Mindy Zenke, CNS, A.P.N.P.
Otorhinolaryngology (Ear, Nose & Throat)
Many adults have experienced dizziness. It could have occurred after standing up too quickly, after a carnival ride, after taking a medication or during a migraine. Many body systems, including your muscles, bones, joints, eyes and the inner ear, must work normally for you to have normal balance. When these systems aren't functioning well, you can experience balance problems.
About one-third of Americans at some point experience short-term bouts of feeling foggy, unsteady and lightheaded or feeling a spinning sensation. However, if these sensations recur or affect your life, it is time to talk with your health care provider.
Vertigo vs. dizziness
First, it is important to outline the differences between vertigo and dizziness. While these words are often used interchangeably, they describe different sensations. Dizziness is the feeling of being lightheaded, foggy or unsteady. Vertigo, which is less common than dizziness, is an overall spinning sensation.
Causes of vertigo and dizziness
Several conditions can cause balance problems, and these problems are usually related to a specific sign or symptom. Your health care team can identify the causes of your symptoms.
The most common cause of vertigo is when calcium crystals in your inner ear become dislodged from their normal position. This is called benign paroxysmal positional vertigo. Other causes of vertigo include inflammation of the nerves in your inner ear, migraine, head injury, Meniere's disease, noncancerous tumor or motion sickness.
Often, the feelings of faintness or lightheadedness are caused by a significant drop in blood pressure, such as if you stand or sit up too quickly. Cardiovascular disease is another common cause.
Joint, muscle or vision problems, or nerve damage to your legs, frequently cause feelings of unsteadiness. Other causes could include medications you take, abnormalities in your inner ear or a neurological condition, such as Parkinson's disease.
Finally, dizziness can be caused by medications, abnormalities in your inner ear or psychiatric disorders. It also can occur if you are hyperventilating or breathing rapidly.
These conditions often are misunderstood. Here are some common misconceptions about vertigo and dizziness:
- Dizziness is always related to ear crystals.
While benign paroxysmal positional vertigo is a common cause of vertigo, it is not associated with symptoms of dizziness. There are many other potential reasons for spells of dizziness.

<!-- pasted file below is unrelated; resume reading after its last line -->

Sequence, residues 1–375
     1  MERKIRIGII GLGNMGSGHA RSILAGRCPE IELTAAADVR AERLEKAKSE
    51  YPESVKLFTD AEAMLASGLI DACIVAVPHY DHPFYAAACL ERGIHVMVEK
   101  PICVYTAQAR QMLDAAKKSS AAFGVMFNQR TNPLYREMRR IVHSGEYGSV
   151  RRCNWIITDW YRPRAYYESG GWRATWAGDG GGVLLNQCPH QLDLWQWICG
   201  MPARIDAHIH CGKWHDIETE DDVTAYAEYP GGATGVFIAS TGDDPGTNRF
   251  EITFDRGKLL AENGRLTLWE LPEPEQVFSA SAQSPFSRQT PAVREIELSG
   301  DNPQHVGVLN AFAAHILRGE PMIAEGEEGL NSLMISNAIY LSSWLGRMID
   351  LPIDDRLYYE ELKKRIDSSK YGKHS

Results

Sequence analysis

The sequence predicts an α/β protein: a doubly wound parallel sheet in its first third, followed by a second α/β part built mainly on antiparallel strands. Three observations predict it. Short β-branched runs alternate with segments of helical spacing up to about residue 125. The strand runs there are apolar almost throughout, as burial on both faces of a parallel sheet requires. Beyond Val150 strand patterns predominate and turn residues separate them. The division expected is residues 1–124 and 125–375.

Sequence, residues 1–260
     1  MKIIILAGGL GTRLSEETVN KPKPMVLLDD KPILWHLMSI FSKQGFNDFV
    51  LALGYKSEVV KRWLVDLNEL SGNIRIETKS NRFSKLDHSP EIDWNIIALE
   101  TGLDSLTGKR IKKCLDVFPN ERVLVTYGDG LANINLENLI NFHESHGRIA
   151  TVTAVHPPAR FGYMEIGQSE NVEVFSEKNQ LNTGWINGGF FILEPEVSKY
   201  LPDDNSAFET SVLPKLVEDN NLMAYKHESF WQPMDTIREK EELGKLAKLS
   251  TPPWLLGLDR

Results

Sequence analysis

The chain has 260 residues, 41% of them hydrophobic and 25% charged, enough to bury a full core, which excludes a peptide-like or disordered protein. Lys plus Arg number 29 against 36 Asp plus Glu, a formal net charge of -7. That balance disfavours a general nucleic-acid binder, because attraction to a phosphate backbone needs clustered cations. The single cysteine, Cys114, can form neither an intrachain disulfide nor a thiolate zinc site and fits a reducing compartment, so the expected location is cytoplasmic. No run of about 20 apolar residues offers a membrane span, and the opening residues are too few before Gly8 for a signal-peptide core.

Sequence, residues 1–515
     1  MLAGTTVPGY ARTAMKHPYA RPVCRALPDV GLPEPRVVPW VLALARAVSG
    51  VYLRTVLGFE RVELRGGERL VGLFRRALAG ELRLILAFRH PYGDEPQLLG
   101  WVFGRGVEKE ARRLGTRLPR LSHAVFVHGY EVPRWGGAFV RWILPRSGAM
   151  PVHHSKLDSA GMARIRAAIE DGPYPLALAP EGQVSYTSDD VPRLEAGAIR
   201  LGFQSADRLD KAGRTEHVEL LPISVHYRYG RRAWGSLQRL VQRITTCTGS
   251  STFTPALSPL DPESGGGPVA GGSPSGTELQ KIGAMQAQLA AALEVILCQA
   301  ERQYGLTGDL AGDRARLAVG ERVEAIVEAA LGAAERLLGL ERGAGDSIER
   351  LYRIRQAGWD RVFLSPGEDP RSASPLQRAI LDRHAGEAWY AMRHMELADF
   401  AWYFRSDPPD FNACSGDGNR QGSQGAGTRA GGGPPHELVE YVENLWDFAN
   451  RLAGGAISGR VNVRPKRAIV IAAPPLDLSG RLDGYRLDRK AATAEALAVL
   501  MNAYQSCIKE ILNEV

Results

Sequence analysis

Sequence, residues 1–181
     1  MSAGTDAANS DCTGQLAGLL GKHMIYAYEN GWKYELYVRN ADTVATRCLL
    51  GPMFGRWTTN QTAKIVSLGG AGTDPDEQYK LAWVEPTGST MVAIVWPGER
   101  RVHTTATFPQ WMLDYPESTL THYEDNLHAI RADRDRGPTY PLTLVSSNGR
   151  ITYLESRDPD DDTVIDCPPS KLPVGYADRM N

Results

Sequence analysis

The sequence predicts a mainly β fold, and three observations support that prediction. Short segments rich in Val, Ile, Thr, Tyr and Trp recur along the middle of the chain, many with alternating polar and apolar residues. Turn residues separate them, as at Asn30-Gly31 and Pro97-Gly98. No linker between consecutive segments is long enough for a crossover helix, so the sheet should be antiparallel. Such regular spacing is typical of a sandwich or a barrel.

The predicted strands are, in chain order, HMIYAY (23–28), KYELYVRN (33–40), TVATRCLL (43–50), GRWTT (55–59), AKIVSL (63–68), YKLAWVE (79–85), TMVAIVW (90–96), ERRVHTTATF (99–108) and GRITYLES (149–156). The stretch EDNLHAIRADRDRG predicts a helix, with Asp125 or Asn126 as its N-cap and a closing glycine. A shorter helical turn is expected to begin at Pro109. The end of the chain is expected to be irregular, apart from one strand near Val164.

- Home remedies, like performing the canalith repositioning procedure or flushing your ears, will fix the problem.
Not only can this be harmful, it can cause more problems. Attempting to reposition crystals without instruction from your health care provider can cause the crystals to be moved incorrectly. There have been instances where patients have given themselves a concussion during the process or damaged their eardrums from flushing liquid into their ears.
- Dizziness is all in your head.
Unfortunately, some people are told that their symptoms of dizziness or vertigo are not real or a result of mental illness. They are given advice to ignore it, and it will go away. Long-term dizziness and vertigo should not be ignored. Rather, a health care provider should treat these conditions.
- Antihistamines, such as meclizine, solve dizziness.
Meclizine is used to prevent and control nausea, vomiting and dizziness caused by motion sickness. It works to block the signals to the brain that cause these symptoms. However, if you have recurring vertigo or dizziness, taking antihistamines is not a good long-term solution. Meclizine can make you feel drowsy, which results in many people falling asleep until the episodes are over. In this situation, the medication is covering the symptoms, but it is not treating the condition.
- You just need to deal with this because there are no long-term treatment options.
Recurring vertigo or dizziness can significantly affect your life, such as missing social activities, or disrupting your abilities to drive or work. There is hope. Work with your health care team to identify the correct treatment option for you.
If you experience sudden vertigo with a decrease in hearing or ringing in your ear, seek emergency medical treatment. These are symptoms of sensorineural hearing loss, an inflammatory disorder probably caused by a virus that affect the nerves in the balance and hearing portions of your inner ear.